"… its control room, much larger and more absorbent than most control rooms of the day, was not well received. Recording staff also tended to be quite conservative. Philip’s attempt to build a control room that he thought was more accurate than many other control rooms did not see much use. The owner decided that the control room should be reduced in size, brightened up acoustically."

Recording Studio Design  Philip Newell 


There were some differences of opinion about Newells acoustic design and choice of equipment  so engineer David Hadfield from Maximum Sound studios was brought in as a consultant. He convinced Collier to abandon Philip Newell's ides and that he should basically start again with the studio. Eddie Veale was commissioned to sort out the acoustics; Hadfield contacted Clive Green who had just set up the Cadac company about the possibility of supplying a console. Clive Green was about to deliver a new console to Morgan Studios to replace their original Cadac, one of the very first desks built by Clive Green. 
So when the studio finally opened commercially it was equipped with the Cadac 16:8 (with 3 built in Pye compressors) and an 8-track  Ampex tape machine.

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Philip Newell was went on to become a  successful independent acoustics consultant, designing many  sound control rooms and performance spaces over the following years and writing ten books on the subject of recording systems, acoustics and electro-acoustics.  In 1973 he became the technical director of the Virgin Records recording studios division.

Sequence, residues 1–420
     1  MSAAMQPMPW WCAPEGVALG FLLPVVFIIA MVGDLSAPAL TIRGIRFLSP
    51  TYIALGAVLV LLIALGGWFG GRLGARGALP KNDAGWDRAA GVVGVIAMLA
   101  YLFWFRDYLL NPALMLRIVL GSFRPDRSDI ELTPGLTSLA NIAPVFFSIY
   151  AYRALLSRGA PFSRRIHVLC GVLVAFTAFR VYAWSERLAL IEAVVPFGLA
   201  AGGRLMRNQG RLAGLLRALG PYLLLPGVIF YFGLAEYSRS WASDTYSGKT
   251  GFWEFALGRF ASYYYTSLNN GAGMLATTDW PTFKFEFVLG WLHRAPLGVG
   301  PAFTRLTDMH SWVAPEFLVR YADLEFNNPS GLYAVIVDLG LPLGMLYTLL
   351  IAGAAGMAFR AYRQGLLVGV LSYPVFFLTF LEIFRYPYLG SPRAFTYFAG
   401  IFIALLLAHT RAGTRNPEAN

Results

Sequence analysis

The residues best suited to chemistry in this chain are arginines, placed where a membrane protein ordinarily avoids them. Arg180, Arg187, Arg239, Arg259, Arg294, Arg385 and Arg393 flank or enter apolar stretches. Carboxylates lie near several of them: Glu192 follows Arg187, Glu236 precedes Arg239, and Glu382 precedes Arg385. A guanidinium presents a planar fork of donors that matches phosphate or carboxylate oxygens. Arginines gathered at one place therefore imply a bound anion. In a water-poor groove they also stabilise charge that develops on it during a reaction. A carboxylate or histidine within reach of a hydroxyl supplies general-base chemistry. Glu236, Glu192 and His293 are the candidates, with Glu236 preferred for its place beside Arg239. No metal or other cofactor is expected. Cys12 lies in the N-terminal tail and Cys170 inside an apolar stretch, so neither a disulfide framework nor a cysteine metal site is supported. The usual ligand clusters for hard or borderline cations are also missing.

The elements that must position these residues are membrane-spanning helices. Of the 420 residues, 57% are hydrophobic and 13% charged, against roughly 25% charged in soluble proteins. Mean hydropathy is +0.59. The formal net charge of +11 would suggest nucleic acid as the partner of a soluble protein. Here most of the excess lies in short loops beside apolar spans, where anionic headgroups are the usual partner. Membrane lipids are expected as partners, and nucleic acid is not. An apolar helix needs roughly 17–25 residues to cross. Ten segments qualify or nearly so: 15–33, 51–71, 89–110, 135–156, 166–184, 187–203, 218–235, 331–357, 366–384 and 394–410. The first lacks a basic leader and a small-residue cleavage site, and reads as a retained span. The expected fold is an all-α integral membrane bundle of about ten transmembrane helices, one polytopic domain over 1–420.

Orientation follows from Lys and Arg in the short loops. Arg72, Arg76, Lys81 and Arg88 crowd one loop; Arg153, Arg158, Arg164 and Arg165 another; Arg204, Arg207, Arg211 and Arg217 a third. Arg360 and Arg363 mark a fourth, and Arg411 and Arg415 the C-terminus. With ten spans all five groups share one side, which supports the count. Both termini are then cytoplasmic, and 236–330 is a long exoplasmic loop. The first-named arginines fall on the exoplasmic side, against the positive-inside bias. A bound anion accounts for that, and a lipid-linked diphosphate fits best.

He was able to buy back the desk that had originally been installed at Majestic and this was then set up in the newly built Manor Studios.


 The reworked Majestic opened again in January 71 with Roger Wilkinson moving from from Maximum Sound to become the chief engineer and David Hadfield remaining in close contact with the studio and particularly with Mike Morton.

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The layout off the new studio


Gonna Make You an Offer

Morton would record numerous compilation album at the studio over the following years but the first big chart success for Majestic came in February 1973 with the single. 'Gonna make you an offer' by Jimmy Helms which reached number 8 in the national charts. Over the next few years Helms recorded prolifically for the Cube label, largely due to the success of this song. Although a further solo hit eluded him he did find chart success in both the UK and US as part of the band Londonbeat in 1990s.


Trident B

In April 1973 Majestic went 16 track installing a Trident B desk.